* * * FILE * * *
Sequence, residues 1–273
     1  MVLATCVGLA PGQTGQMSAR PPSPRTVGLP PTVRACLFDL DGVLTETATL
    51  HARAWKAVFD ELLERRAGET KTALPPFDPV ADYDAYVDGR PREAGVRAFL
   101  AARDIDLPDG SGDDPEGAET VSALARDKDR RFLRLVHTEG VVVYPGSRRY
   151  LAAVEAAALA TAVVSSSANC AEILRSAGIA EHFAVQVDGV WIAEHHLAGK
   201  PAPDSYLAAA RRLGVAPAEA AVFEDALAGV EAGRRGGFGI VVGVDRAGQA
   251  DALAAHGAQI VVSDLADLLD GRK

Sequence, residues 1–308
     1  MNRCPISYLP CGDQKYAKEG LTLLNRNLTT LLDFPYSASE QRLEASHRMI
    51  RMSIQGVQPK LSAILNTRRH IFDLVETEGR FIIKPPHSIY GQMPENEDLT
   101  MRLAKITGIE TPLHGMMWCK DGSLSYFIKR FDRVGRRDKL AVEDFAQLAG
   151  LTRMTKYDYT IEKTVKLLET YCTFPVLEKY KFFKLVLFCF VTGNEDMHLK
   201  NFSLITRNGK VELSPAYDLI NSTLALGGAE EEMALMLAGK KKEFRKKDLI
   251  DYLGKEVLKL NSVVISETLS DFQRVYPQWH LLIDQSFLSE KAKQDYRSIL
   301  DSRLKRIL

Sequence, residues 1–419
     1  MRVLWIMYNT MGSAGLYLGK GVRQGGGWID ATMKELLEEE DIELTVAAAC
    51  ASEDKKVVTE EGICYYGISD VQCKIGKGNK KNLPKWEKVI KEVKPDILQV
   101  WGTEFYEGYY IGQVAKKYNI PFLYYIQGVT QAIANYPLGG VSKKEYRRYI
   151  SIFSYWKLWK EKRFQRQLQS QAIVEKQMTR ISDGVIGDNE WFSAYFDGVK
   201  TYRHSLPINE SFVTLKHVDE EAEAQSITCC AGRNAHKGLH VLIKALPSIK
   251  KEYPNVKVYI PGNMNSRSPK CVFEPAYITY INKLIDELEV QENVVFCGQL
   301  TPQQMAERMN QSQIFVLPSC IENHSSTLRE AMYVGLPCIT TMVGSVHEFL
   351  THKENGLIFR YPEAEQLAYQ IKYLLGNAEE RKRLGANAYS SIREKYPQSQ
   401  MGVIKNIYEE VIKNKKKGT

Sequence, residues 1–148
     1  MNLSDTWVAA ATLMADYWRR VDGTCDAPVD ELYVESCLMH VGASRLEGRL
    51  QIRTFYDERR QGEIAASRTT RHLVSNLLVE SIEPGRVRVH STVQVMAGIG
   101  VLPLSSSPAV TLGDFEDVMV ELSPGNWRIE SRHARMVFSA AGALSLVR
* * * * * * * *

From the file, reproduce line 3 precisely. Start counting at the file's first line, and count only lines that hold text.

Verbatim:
    51  HARAWKAVFD ELLERRAGET KTALPPFDPV ADYDAYVDGR PREAGVRAFL